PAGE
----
But he had noticed.

Conrad had made it halfway down the hall before he had noticed Yusuf was no longer following… but he had noticed, and he ran back up.

“Oh!” he cried. “Aren’t you coming?”

“Just a moment,” Yusuf said hurriedly. “I want to have a look at something in my room.”

Conrad’s silence was an accusation.

'Only a moment!'

“Only a moment!” Yusuf snapped.

Conrad suspected he was going into his room to pray. Conrad and his father seemed to fear that they would be damned by association, or else simply that the Lord would strike their house with firebolts if a Muslim prayed within its walls. And his sister – who had been all but forced to convert – would not stand by him.

His sister--who had been all but forced to convert--would not stand by him.

Yusuf left the door standing wide open so there could be no doubts. He lit the candles with a rush from the hall, and then he dropped to his knees and yanked open one of the drawers of the small chest in the corner.

He dropped to his knees and yanked open one of the drawers.

He knew what he was looking for, and he knew precisely where it was. What he could not remember was precisely what it looked like.

It was a small leathern bag at the bottom of a pile of small leathern bags. This one held a handful of cardamom pods, as being one of the few fine enough to be worthy of such an expensive ingredient. However, cardamom was too dear a remedy for most of his patients here or anywhere, and he had not seen the bag since he had unpacked his belongings upon his arrival at Leila’s house.

“I shall be in my room!” Conrad shouted from the corridor. It seemed he had waited to see what Yusuf was doing – to be certain he was not unrolling any small, patterned rugs.

Yusuf snorted and tossed his armful of banal leather bags onto the floor.

Yusuf snorted and tossed his armful of banal leather bags onto the floor in a heap – feverfew and wormword, St. John’s wort and henbane – common remedies that could be gathered on a stroll along the edge of a forest.

One of his few patients that could have paid for a treatment of cardamom was the Princess Irene. Cardamom was not indicated for the sort of cough for which she had consulted him, but that consultation was nevertheless what had sent him searching for this leather bag.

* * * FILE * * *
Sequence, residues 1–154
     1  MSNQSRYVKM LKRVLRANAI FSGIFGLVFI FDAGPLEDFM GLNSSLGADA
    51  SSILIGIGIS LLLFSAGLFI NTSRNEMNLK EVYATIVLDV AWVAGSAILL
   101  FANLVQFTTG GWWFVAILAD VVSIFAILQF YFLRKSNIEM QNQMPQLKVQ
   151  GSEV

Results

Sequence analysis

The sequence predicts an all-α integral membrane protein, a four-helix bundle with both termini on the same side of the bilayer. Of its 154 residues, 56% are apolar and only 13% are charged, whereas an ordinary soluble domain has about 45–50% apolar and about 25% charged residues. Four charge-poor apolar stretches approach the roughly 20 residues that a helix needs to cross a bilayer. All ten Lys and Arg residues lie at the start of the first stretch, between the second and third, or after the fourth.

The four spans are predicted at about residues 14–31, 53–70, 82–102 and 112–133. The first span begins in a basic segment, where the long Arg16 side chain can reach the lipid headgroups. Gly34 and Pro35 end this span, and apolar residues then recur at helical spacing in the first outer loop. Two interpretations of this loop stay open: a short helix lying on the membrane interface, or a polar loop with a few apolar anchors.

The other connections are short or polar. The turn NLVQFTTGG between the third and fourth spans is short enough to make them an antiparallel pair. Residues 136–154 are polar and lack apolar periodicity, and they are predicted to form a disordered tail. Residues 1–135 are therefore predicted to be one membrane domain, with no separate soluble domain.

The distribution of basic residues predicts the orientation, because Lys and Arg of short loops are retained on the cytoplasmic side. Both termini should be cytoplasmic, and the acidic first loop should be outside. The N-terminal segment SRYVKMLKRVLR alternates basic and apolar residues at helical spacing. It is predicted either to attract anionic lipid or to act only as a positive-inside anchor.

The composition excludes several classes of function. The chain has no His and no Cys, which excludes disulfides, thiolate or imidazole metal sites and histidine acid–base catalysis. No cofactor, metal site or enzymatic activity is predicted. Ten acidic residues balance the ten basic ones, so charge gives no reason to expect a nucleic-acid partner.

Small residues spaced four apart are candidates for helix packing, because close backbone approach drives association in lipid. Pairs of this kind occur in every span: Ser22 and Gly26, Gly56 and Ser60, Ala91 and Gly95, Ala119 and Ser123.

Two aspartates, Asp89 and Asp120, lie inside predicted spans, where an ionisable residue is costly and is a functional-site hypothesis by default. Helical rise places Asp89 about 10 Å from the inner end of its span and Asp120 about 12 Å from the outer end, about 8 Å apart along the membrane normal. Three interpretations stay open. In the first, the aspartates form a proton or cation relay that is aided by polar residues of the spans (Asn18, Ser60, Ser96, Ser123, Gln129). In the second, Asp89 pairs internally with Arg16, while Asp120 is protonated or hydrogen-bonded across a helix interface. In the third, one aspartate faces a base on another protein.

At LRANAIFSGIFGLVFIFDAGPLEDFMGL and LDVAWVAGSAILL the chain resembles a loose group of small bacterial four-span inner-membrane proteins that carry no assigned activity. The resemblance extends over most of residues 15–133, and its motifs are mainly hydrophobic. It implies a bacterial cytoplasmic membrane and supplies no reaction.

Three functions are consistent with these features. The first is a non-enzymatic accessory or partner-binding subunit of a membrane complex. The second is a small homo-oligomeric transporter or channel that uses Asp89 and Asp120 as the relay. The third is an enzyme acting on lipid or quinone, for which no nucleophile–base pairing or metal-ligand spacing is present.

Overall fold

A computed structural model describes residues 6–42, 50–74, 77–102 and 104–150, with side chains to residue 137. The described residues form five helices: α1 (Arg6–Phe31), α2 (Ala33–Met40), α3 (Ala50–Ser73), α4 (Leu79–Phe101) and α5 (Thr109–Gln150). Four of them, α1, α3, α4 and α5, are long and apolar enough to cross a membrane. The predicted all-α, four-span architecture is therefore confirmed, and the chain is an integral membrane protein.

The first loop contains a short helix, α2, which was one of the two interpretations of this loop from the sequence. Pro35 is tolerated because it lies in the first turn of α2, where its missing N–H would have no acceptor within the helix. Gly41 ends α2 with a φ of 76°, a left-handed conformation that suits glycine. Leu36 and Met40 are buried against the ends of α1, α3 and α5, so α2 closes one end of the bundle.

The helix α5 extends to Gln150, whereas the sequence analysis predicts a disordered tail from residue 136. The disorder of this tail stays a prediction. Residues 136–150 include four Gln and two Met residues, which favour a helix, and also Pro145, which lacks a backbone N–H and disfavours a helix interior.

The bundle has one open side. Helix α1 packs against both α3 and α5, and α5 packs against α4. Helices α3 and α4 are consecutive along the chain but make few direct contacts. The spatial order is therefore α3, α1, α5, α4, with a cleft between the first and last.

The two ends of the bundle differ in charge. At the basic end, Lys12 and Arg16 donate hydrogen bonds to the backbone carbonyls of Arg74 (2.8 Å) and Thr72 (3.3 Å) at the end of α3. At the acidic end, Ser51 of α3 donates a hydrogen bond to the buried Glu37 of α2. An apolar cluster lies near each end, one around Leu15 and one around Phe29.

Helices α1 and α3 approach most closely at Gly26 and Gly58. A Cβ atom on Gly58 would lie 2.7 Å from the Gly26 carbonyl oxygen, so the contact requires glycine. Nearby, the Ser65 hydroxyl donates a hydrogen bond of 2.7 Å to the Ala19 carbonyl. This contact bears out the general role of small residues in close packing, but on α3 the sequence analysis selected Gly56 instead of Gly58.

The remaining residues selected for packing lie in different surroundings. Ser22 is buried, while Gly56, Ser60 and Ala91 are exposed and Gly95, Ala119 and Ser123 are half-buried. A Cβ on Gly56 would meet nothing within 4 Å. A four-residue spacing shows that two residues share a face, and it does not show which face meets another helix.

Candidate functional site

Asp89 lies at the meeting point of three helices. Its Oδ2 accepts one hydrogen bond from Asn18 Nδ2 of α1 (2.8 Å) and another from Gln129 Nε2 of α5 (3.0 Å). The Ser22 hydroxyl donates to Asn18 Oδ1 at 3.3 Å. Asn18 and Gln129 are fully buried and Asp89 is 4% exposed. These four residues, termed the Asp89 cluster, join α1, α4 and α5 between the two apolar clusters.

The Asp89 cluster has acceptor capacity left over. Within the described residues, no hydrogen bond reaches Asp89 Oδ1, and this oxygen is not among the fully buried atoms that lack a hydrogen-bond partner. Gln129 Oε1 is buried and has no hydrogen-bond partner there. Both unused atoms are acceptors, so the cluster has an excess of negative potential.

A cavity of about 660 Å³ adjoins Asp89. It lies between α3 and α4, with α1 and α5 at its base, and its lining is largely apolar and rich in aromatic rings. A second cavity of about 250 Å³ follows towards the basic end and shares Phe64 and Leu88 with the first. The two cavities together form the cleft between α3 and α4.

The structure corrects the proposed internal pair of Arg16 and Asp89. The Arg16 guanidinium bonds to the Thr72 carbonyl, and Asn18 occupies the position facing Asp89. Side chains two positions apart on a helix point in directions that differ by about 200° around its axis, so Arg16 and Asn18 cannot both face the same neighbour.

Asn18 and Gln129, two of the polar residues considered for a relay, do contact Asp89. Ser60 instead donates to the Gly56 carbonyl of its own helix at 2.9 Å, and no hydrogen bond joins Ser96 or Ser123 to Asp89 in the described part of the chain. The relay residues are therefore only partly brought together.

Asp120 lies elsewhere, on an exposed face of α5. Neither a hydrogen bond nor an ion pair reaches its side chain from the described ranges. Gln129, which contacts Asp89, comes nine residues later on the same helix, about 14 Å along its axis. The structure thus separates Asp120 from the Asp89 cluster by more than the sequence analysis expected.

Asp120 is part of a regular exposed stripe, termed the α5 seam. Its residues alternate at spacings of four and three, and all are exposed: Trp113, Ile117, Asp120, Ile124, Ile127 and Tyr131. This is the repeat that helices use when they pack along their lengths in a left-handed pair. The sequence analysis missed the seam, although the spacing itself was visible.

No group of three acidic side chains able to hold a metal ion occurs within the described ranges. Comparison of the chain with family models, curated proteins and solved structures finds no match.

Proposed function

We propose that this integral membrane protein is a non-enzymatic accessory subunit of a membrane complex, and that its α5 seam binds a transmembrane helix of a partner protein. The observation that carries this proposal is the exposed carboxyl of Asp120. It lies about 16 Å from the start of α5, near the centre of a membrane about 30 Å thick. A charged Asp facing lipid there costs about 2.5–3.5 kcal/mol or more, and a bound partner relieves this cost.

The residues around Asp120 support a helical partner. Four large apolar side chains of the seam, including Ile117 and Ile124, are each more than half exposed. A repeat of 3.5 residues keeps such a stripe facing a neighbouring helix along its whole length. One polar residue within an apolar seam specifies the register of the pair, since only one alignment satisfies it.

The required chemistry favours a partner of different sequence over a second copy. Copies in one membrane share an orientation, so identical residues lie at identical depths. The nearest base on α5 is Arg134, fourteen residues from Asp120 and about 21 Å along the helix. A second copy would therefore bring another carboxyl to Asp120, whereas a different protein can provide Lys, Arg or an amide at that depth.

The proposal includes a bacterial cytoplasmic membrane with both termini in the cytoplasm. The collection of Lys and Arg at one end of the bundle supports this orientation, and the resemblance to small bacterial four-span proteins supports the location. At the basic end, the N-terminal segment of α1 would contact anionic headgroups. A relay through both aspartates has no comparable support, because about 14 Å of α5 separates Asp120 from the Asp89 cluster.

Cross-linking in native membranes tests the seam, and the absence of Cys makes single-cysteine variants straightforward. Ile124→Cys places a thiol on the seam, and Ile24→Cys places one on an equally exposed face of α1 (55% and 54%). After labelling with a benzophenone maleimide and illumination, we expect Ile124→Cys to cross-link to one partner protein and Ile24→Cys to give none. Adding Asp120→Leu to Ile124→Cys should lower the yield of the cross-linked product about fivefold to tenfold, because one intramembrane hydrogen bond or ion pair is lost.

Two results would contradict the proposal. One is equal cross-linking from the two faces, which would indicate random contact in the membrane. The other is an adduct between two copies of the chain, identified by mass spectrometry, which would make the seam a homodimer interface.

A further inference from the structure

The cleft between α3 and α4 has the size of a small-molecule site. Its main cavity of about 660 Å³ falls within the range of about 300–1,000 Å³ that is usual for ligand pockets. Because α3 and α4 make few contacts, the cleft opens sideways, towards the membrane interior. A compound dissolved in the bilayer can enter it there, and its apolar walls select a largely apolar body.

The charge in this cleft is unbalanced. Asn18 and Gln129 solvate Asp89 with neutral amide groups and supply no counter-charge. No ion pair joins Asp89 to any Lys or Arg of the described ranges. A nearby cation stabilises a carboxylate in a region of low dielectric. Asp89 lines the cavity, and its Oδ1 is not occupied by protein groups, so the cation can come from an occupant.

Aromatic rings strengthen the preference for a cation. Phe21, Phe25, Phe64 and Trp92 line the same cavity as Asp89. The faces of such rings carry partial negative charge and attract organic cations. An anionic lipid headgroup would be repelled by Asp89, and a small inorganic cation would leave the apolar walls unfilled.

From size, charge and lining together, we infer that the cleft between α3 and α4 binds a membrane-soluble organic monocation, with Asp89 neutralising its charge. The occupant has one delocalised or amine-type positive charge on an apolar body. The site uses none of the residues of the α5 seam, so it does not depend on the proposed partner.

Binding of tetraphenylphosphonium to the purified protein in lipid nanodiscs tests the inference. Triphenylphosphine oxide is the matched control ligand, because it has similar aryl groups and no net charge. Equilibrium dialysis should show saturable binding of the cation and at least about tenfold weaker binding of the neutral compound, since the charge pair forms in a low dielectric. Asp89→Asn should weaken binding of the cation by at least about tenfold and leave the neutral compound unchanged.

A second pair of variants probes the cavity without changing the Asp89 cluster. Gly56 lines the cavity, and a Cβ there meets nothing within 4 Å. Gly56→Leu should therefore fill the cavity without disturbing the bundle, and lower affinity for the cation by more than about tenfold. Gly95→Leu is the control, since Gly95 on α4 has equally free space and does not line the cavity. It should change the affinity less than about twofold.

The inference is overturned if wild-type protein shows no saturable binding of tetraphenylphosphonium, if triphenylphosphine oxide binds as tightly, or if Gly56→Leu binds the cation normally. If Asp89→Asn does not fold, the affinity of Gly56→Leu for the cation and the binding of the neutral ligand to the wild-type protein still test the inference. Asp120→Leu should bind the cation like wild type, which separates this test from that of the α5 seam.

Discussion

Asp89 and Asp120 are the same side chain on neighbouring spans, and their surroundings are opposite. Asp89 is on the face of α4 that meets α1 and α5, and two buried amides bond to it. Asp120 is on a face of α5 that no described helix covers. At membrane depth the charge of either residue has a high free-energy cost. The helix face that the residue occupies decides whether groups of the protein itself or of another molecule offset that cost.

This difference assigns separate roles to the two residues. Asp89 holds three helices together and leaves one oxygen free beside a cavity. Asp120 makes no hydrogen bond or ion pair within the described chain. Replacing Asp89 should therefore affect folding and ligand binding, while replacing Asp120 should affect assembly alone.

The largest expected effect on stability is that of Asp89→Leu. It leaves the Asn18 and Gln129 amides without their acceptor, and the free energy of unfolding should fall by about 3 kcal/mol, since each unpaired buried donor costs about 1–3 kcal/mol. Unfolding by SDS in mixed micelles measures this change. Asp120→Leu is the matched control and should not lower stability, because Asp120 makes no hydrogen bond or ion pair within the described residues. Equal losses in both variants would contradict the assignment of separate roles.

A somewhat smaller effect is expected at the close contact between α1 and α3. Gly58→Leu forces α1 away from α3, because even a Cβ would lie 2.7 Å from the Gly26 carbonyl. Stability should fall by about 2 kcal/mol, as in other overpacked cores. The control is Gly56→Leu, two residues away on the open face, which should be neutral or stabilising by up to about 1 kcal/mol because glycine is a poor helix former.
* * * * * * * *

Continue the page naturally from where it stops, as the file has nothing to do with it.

As her doctor, Yusuf had been permitted to see the Princess without the veil and scarf she always wore. He had seen her high forehead, her too-​​heavy hair, and her neck that was slightly gaunt with sorrow; all of which, combined with her delicate, haunted face, gave her a beauty that made his heart ache in sympathy with hers.

He had also seen her white throat.

But he had also seen her white throat, and upon it a simple pendant depicting a strange symbol. It had caught his attention, and he had dared the indiscretion of asking her about it, for he was certain he had seen something like it before.

Irene had smiled and told him it was unlikely, for it was the seal of her mother’s family. She, as its last living member, had taken it for her own now that she no longer dared wear the seal of her dead husband’s princely house.

Nevertheless Yusuf had sketched it into his journal alongside his record of the consultation. A few days later the recollection had come to him as he drifted off to sleep, but he had had been forced to wait until they returned to his sister’s house to confirm his suspicion.

His suspicion was confirmed.

Now, the bag of rare, sweet-​​scented pods in his hand, his suspicion was confirmed. The leather pouch had a narrow collar of embroidered cloth through which the drawstring passed, and there, stitched over and over in gold threads upon the crimson and purple, was the same symbol Princess Irene wore upon her neck.

Yusuf dumped the other bags back into the drawer and laid the bag of cardamom carefully atop them. Gently now he closed the drawer, locked it again, and stood. He had confirmed one suspicion, but now he had others.

He had confirmed one suspicion, but now he had others.

Princess Irene had listened politely as he told the tale of how he had been reunited with his sister, and his Greek was good enough that he was certain she had understood. Nevertheless, she had not mentioned that she had ever been to Salerno. She had not said that she had known a Father Brude, or even any big, red-​​haired Irish priests. She had not said that she, too, was given to anonymous acts of charity.

And yet the heavily-​​veiled noblewoman who had sought Yusuf’s services for a dying priest had too-​​generously paid his fee in Byzantine histamena. She had also enclosed them in a little leather bag fine enough to be worthy of the golden coins – or of the costly, sweet-​​scented pods of cardamom.

She had also enclosed them in a little leather bag.